“Our Web backend, our mobile app backend, et al, is on open source. Whether it is about network management, network monitoring or analytics, we use various open source tools on a regular basis. We use LAMP very frequently. This is where our entire mobile and Web architecture backend lies. We use Redis, which is an in-memory data store. For analytics, most of our work is done in R. We use MySQL at the database level,” he added.
Meru Cabs has an engineering team of about 100 people. About 50 per cent of their team members can work very well on open source technologies, shares the official.
There are advantages too..
Nilesh says, “Open source technologies allow tweaking of products much more than any proprietary product, as the source code is available right up to the product level. Even the performance of an open source product is better, because a lot of people are continuously contributing to it and the product is constantly evolving. It also happens in many cases that the issues that you may encounter, will also be encountered by someone else as well, and will be resolved. Community support is very strong and it is very advantageous too. There is also a definite advantage of price as well. At times, when you don’t want to spend on paid support, you can get options at a lower cost, or even zero cost. For example, if you want to put a Linux server for a mission critical job, you might want to go for a Red Hat subscription. But if you are using a tool like R for any of your back-end process, you may not require support. So such decisions are taken based on the requirements, as to which is the right model to go for. It is about taking calculated risks when it comes to deploying open source technologies.”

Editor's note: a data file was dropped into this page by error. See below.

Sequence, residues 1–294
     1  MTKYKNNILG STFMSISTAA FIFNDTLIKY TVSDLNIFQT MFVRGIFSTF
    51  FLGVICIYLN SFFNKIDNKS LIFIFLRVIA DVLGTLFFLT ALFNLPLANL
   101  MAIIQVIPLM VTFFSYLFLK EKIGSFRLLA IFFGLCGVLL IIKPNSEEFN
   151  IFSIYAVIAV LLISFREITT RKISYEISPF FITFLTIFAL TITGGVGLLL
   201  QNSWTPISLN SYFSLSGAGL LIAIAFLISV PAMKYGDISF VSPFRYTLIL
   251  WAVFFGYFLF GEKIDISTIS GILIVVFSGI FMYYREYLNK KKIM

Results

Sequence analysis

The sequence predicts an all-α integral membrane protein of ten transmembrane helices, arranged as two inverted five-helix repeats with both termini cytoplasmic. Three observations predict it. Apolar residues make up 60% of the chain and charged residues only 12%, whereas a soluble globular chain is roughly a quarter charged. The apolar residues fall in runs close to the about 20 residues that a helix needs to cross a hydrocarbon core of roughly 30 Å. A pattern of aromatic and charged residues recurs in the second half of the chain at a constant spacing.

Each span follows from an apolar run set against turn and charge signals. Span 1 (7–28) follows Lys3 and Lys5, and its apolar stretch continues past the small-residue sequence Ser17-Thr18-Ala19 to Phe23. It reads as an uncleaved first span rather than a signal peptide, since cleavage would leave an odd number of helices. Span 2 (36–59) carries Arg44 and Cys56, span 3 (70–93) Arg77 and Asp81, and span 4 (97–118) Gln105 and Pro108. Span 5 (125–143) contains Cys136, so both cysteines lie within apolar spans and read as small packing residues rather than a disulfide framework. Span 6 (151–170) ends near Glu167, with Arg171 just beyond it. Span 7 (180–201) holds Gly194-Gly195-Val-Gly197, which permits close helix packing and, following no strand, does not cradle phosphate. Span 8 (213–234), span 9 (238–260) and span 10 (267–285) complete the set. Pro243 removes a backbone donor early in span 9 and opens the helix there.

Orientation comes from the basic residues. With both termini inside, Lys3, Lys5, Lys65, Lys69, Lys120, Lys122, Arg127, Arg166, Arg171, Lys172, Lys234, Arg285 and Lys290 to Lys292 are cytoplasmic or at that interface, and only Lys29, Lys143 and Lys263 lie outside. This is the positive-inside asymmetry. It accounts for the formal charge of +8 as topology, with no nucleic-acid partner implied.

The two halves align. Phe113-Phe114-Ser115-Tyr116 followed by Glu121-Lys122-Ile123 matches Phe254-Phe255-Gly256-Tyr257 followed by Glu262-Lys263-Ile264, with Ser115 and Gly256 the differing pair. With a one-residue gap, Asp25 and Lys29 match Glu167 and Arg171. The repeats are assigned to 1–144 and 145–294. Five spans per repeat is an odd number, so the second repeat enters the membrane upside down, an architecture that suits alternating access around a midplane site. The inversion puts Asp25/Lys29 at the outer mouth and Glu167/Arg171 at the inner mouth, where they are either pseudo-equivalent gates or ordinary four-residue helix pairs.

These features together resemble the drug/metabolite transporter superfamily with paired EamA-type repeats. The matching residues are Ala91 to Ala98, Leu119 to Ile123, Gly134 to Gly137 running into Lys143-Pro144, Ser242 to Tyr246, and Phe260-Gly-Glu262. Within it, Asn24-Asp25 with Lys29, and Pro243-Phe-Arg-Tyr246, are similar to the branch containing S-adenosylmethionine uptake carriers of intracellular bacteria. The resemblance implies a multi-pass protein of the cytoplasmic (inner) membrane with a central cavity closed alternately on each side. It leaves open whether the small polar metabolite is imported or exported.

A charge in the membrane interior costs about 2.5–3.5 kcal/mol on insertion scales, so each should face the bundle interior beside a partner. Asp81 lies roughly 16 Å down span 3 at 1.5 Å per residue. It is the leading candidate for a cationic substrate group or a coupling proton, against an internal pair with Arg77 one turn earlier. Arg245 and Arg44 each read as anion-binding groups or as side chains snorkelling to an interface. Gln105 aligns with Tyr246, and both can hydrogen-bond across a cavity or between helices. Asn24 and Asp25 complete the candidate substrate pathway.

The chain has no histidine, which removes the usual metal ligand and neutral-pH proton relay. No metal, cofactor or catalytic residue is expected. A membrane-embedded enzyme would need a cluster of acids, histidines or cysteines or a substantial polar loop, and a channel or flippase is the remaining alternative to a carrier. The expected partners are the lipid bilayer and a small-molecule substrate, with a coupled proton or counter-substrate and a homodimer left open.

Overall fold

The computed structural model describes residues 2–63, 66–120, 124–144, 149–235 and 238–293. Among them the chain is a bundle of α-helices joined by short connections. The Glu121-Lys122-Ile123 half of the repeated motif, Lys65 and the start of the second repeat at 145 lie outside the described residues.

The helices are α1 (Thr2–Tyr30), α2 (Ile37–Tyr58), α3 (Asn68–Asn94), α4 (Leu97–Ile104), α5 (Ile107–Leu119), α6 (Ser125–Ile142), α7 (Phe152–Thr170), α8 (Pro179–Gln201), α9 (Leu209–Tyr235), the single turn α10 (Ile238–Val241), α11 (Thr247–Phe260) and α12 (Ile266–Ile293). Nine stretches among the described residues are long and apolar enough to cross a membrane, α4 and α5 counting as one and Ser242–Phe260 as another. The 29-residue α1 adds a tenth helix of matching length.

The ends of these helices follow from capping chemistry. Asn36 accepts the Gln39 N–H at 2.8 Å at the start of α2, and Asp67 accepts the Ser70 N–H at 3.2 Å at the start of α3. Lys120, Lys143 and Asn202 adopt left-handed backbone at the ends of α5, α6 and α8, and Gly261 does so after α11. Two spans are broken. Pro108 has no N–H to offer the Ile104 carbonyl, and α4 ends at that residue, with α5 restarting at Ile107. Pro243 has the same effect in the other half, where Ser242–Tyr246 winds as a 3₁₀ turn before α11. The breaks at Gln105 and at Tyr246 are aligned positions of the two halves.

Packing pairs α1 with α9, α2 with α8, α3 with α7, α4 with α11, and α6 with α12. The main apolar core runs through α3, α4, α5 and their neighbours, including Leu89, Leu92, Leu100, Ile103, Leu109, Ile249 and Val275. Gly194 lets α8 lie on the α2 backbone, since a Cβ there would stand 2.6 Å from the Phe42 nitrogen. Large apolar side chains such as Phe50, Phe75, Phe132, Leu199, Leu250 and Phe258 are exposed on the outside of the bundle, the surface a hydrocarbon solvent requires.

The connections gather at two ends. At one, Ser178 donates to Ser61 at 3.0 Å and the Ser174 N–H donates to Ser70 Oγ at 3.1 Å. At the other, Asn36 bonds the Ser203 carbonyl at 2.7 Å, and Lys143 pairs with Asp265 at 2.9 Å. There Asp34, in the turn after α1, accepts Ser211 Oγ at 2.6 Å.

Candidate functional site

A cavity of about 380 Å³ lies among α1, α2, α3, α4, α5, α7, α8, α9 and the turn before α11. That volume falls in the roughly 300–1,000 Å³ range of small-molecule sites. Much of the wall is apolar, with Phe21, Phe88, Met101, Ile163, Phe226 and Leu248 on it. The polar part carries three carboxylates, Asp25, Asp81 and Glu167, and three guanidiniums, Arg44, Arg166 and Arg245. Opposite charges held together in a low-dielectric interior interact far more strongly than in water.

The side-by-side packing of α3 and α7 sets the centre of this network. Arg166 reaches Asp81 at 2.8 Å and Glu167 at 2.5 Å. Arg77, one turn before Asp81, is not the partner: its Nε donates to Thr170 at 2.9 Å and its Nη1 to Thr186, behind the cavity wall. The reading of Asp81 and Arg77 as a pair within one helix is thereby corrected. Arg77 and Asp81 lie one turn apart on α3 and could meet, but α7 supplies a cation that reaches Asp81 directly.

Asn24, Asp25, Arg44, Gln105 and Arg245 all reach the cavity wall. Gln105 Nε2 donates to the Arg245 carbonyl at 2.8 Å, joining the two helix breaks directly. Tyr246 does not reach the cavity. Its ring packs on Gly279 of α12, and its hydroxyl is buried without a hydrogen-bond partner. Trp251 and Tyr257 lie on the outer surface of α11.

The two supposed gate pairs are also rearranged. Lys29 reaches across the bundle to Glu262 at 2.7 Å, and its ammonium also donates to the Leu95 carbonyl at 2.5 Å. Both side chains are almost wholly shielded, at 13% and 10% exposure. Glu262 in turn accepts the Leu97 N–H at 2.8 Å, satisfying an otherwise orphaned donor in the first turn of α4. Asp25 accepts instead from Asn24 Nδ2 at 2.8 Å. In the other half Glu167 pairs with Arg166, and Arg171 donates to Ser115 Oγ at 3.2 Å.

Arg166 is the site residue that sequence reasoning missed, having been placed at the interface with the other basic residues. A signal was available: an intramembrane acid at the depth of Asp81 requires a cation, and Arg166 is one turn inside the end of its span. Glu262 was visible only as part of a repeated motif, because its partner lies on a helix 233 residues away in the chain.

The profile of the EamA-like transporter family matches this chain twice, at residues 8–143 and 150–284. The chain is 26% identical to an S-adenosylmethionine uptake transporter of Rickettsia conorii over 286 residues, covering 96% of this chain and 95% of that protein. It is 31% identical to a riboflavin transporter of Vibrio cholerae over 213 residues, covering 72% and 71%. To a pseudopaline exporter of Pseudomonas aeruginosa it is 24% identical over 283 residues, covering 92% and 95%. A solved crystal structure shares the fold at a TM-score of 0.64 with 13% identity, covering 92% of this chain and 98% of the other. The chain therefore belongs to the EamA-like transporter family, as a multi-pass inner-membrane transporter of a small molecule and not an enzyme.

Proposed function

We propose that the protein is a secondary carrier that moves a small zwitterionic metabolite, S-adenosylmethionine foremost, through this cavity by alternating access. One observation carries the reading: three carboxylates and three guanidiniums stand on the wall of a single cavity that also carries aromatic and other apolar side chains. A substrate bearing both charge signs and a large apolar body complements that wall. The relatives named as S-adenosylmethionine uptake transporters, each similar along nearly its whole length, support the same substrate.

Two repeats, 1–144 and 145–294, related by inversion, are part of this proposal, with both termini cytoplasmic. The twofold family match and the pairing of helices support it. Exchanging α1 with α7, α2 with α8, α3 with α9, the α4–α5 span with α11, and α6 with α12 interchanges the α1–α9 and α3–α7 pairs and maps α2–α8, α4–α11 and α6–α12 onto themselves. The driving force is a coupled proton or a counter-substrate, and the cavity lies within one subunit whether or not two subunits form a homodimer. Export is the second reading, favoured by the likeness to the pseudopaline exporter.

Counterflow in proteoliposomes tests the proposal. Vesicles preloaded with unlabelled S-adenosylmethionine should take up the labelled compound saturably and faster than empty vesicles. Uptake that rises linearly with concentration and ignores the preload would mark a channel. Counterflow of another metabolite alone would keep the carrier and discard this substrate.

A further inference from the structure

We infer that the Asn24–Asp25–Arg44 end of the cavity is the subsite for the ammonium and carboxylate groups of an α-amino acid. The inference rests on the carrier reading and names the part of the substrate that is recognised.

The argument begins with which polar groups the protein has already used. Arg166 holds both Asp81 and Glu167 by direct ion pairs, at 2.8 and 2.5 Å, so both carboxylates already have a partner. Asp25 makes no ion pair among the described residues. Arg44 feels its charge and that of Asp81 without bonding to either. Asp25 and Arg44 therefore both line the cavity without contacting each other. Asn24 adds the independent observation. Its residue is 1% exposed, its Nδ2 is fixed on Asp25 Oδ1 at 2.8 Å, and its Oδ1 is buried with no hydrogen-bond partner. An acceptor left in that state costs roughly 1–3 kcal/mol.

What matters is the solution…
How does the company decide on open source technology, you ask? Well, it is not about open source or closed source, it is about the best possible solution. Nilesh shares, “For any work involved, we first look at the options that fit best. We don’t claim that we are 100 per cent open source, but based on the specific demand for that technology, we look at what are the best options available, whether they are proprietary or open source solutions available to solve that business problem. There are definitely times when open source comes out as the best option. More and more, we are moving towards open source technologies. We evaluate open source technologies and the support available for them. If we are satisfied and if our initial trials are successful, then we do look at using the open source tools.”